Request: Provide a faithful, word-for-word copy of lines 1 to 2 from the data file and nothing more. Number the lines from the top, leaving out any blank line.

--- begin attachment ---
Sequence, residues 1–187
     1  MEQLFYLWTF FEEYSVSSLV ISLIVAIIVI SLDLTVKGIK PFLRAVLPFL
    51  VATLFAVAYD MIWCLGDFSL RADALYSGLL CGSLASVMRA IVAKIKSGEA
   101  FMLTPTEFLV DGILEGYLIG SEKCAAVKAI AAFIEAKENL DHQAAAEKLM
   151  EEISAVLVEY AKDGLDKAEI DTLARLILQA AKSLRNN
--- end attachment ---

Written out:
Sequence, residues 1–187
     1  MEQLFYLWTF FEEYSVSSLV ISLIVAIIVI SLDLTVKGIK PFLRAVLPFL